Things are awfully quiet on the Windows Phones 7 sales front to date. Typically, first week or weekend sales estimates for much-hyped new smartphones ripple through the tech blogosphere, giving an early glimpse into consumer demand for a device after months of pre-release coverage and speculation.
But unless I just haven't noticed, that hasn't been the case with the first batch of WP7 devices from AT&T and T-Mobile that hit stores Nov. 8. Gizmodo? Engadget? BGR? Are you out there?
Part of the reason for less-fervent coverage of initial sales may have to do with the launch of multiple WP7 handsets rather than a single smartphone. Everything isn't riding on just one device -- as is the case with the iPhone -- so scrutiny of sales isn't as focused as it might be otherwise.
Apart from saying last week that initial supplies of WP7 phones had been tight, Microsoft itself has offered few details about launch sales. "We have not heard Microsoft crowing about first-week sales because the numbers likely aren't that impressive," suggested Current Analysis analyst Avi Greengart.
Based on his own spot-checks of stores selling WP7 phones like the HTC Surround and Samsung Focus, he confirmed inventory was limited. "Some had sold out, but that's more an indication of limited supply than robust demand," he said, rejecting the notion supplies would be kept artificially low to give the impression of strong demand. "This is a 1.0 platform, and my assumption is that the vendors are deliberately ramping things up slowly to ensure that there are no glitches," he said.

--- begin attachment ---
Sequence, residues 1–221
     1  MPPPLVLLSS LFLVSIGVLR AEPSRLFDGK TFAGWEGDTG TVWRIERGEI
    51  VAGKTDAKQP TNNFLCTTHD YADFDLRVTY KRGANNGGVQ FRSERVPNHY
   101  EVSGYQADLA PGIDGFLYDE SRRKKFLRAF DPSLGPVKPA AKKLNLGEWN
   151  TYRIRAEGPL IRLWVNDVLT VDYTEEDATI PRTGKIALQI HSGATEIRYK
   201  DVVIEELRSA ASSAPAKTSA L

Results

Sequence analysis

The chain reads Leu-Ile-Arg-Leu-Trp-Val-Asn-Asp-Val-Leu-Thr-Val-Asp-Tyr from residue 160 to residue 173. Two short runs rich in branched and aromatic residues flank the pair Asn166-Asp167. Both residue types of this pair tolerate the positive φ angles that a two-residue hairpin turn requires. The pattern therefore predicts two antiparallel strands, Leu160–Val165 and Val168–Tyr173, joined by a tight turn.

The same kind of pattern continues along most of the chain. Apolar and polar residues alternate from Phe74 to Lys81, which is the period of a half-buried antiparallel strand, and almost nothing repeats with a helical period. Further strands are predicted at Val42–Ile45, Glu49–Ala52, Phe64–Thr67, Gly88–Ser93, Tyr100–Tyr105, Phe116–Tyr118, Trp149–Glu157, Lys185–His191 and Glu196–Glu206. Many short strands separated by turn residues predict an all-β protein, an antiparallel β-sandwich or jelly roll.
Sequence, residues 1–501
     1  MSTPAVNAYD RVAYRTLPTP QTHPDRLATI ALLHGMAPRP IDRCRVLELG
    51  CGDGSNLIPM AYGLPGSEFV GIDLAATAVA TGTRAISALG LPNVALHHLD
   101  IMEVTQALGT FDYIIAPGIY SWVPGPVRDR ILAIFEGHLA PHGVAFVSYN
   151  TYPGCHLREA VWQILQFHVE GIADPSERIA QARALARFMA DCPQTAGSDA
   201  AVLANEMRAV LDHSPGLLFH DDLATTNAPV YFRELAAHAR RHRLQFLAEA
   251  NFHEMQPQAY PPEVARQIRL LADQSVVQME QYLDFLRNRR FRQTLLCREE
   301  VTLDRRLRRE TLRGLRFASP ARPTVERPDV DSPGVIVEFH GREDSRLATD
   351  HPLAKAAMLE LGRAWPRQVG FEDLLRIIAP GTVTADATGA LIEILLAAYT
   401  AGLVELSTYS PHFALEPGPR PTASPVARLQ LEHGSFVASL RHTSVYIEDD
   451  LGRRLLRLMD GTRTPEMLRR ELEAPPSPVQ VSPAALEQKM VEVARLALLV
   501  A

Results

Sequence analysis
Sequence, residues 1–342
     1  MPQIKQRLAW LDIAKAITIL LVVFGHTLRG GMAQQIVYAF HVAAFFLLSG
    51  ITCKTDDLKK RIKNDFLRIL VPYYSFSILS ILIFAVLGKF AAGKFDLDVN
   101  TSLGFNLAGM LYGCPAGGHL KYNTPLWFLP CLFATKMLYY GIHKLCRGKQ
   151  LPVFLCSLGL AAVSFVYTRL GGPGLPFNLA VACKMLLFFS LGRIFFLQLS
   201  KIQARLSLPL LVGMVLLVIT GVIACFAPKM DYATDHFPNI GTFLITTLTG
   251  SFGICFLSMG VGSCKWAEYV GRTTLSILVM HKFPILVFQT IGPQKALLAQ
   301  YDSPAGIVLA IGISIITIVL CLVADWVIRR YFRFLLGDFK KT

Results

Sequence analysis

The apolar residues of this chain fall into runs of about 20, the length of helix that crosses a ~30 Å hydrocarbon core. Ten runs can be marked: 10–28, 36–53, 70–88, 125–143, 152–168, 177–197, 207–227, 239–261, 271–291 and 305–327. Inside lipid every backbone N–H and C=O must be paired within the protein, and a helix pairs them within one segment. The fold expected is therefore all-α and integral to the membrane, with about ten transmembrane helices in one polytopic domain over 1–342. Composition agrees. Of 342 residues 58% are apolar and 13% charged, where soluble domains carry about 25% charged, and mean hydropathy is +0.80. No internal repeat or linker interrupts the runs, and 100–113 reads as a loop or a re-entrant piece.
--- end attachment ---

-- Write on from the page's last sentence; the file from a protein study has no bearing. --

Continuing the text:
Microsoft has tried to insure a robust reception for its upgraded mobile platform with an ad blitz reported to be as high as $500 million. The latest TV spot in its "Phone to Save Us from Our Phones" campaign contrasts a WP7 phone user getting his groove on at a dance club while another guy is so fixated on his own device he's shunned by the ladies. Yep, WP7 is a chick magnet on top of everything else.
Ads for the WP7 phones from AT&T have also begun rolling out more widely online, including a page takeover yesterday on The New York Times home page. Obviously, it's too soon to tell whether the huge marketing push will pay off. But Greengart reiterated that Microsoft has a major task getting back into the high-stakes smartphone race. "Microsoft is waging an uphill battle to convince consumers to consider an alternative to BlackBerry, iPhone, or Android," he said.